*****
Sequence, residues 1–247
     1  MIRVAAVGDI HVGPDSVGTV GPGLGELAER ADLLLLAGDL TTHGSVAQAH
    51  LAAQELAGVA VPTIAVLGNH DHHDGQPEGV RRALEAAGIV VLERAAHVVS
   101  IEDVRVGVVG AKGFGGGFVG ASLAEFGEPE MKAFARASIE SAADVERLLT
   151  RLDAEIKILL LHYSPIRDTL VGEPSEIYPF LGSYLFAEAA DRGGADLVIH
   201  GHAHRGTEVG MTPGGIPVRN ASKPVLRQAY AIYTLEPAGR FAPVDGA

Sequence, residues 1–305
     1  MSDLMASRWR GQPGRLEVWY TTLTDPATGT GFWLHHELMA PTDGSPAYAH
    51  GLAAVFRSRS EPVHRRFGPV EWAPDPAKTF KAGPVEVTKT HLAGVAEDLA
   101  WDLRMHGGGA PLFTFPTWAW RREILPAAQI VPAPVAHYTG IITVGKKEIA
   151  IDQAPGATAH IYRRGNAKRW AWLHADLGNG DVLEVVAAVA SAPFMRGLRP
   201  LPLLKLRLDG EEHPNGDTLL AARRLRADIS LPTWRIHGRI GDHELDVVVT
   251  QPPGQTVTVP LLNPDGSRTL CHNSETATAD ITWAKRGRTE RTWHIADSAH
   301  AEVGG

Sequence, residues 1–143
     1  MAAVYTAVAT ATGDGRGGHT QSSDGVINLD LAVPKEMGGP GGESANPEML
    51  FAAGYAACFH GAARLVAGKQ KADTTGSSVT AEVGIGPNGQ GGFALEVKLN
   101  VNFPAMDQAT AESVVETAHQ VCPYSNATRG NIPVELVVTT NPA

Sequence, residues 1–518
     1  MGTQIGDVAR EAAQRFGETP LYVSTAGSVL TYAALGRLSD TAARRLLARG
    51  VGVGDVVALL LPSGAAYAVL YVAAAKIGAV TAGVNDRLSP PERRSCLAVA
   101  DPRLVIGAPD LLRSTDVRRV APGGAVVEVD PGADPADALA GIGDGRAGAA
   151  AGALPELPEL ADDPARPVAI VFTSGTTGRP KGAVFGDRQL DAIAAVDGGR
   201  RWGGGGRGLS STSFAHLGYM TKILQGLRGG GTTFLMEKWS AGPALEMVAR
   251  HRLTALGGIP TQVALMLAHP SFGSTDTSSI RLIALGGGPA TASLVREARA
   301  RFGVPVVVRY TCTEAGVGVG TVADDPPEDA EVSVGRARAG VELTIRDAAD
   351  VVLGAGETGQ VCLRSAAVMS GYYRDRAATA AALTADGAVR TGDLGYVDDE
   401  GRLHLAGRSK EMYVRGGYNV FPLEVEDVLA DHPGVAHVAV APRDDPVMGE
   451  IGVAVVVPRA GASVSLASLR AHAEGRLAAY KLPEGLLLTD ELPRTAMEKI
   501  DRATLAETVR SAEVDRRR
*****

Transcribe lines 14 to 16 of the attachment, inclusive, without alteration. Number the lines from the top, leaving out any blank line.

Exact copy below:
   301  AEVGG

Sequence, residues 1–143
     1  MAAVYTAVAT ATGDGRGGHT QSSDGVINLD LAVPKEMGGP GGESANPEML